With the self-timer removed I started to remove the components around the cocking lever, starting with the B lever, but then decided to see if the escapement mechanism would also lift out of the shutter. I removed a black screw from the end of the escapement (seen in the picture to the right here), but that didn’t release it, and then I found there is another screw which is hidden under the black cog about halfway along the escapement.

I pushed the arm that the cog is on towards the centre of the shutter to remove the screw, and with a bit of jiggling managed to extract the escapement. Both these components (the self-timer and the escapement) I cleaned in lighter fuel, working them in the liquid to remove all the old sticky oil.

To clean up the shutter blades I needed to separate the two halves of the shutter, which is done by turning it over and removing four screws from the bottom of the case. Just note that one of the screws is much longer than the others so make sure to note which one that is.

Successful but tricky servicing of the Reflekta II TLR camera 38
The dirty shutter blades

Once the screws are removed, the shutter plate with the cocking lever and blades attached can be pulled out of the bottom part which holds the aperture. In my case, the blades didn’t all come out, one of them remained stuck to the top of the aperture plate, and I had to soak it with lighter fluid to get it free.

All the blades were a sticky, oily mess and had to be carefully cleaned with lighter fluid using cotton buds to remove it. You need to be very, very careful when doing this. A slight slip with a cotton bud on the edge, and you can bend the blade, and once bent it will never work because it’s impossible to get the bend out.

Once the blades were cleaned, I also thoroughly cleaned the plate they sit on, and also cleaned the rest of the components fitted to the shutter. This is the cocking arm, the flash sync arm and the shutter release components, and I cleaned them by flushing the whole assembly with lighter fluid.

Once that was done, I assembled the shutter blades back on the shutter so it was ready to be fitted back into the shutter case.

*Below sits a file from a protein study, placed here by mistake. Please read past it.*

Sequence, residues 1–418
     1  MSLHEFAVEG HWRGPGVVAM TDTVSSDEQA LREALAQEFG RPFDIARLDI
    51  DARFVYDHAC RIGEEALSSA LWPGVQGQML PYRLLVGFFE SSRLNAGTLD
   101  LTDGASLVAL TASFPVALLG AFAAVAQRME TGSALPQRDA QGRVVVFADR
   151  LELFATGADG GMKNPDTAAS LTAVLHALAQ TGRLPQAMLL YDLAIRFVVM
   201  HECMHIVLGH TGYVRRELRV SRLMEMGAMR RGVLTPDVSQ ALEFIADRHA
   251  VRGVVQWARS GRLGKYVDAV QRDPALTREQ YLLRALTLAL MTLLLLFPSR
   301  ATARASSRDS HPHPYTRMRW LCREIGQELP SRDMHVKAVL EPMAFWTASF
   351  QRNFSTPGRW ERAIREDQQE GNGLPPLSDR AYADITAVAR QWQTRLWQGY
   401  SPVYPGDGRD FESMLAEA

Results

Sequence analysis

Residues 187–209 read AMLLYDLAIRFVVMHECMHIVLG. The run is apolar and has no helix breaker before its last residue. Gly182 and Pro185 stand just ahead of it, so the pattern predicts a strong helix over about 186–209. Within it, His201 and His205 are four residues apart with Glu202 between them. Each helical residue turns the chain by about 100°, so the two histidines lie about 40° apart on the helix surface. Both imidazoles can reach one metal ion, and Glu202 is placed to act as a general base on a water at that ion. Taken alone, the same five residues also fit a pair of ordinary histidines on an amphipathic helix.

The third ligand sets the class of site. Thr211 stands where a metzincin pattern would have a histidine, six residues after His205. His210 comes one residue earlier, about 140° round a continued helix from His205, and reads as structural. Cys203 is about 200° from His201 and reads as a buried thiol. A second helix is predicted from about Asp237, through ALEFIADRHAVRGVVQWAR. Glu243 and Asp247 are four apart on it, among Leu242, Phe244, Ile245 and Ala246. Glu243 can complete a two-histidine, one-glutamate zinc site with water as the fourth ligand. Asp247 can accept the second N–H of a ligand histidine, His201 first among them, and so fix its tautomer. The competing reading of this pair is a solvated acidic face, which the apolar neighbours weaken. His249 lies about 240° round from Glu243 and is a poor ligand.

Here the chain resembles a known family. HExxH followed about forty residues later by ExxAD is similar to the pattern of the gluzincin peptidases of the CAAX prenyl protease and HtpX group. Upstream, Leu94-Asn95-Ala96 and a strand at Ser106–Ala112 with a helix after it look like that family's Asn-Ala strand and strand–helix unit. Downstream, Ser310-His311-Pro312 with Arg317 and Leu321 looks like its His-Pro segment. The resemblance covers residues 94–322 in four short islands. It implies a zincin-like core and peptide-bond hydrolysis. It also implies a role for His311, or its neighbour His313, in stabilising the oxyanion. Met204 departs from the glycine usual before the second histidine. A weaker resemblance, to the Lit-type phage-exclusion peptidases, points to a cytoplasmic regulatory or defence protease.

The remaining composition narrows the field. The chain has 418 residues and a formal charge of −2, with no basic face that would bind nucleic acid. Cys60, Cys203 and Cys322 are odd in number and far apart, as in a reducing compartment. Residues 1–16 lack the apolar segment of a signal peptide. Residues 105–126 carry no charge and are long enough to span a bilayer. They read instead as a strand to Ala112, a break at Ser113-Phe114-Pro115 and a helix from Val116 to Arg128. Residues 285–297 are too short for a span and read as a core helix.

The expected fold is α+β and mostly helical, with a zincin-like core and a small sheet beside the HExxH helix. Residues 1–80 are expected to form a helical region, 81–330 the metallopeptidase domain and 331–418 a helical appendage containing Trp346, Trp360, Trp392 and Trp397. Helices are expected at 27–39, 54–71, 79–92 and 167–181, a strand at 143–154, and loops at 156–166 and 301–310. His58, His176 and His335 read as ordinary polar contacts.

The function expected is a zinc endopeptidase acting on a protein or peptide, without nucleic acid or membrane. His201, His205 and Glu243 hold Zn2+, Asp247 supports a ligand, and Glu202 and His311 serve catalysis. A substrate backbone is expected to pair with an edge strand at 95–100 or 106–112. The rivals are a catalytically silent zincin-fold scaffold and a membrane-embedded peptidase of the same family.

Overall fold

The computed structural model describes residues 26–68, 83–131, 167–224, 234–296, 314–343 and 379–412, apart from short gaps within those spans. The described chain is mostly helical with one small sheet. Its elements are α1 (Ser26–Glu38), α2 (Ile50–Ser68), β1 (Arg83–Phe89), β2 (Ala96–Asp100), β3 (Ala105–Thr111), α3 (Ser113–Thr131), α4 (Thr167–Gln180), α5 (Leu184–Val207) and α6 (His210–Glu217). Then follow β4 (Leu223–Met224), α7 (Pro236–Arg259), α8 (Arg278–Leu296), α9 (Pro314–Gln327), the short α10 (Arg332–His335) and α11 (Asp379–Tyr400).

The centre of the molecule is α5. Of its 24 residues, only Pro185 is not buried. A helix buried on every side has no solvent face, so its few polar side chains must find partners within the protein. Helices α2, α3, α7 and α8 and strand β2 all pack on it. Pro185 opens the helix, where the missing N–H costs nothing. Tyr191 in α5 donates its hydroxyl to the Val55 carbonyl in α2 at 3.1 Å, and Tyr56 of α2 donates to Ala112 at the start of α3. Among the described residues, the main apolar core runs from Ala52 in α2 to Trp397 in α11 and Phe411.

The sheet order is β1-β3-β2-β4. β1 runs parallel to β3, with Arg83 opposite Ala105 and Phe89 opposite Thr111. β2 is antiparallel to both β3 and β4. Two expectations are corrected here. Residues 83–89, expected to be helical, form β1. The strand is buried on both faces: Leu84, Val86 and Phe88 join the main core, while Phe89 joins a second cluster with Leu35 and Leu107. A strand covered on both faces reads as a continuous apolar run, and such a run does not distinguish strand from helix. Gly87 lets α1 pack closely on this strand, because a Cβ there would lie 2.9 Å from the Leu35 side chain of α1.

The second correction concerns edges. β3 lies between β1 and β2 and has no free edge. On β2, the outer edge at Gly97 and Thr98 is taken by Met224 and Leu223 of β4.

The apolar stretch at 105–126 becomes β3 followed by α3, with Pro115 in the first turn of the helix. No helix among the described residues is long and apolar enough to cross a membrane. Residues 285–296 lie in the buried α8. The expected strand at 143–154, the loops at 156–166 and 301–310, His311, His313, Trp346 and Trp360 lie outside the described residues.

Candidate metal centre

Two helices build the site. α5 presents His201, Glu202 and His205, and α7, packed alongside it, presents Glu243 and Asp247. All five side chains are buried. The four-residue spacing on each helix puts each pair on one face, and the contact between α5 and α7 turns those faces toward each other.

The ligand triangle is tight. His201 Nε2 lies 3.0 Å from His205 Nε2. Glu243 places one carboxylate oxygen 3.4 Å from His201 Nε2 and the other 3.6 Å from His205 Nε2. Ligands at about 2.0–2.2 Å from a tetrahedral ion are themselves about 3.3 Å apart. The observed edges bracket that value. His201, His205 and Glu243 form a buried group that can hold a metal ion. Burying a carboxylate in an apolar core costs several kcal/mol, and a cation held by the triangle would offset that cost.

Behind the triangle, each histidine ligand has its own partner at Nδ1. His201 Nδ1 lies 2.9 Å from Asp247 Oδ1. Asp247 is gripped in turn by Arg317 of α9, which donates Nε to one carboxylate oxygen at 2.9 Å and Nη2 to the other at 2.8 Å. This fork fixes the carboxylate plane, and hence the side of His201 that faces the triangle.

The next job was the aperture blades.

I had hoped to be able to flush these with light fluid and not have to take the aperture assembly apart, but even after two or three attempts there was still oil showing on the surface of the blades, so I needed to remove the two screws that held the top plate on and remove the blades for cleaning.

Successful but tricky servicing of the Reflekta II TLR camera 39

With the plate removed I could release all the aperture blades, which again had a thin layer of oil covering them, and clean them in the same way I had cleaned the shutter blades.

Assembling the blades on the shutter is a tricky job which involves a lot of patience, but it’s a joyful holiday compared to the aperture blades.

As you can see from the picture here, they have to be assembled in a ring and the top plate fitted over the top making sure the pins in the aperture blades fit in the holes in the plate.

It’s hard enough getting the blades in a ring because, although it starts off easy enough, after the first 5 or 6, you have to start fitting them under blades you’ve already positioned. You need to do this with tweezers because you can’t touch the blades or you contaminate them with grease from your fingers.

Once they are in a ring, you need to fit the plate over the top without moving the blades and get all the pins to protrude through the holes.

I managed to do this, but it took about an hour and I had to hold the plate over the top and try moving the blade pins with the pointed end of tweezers whilst I slightly rocked the plate to gather all the blades into the correct place.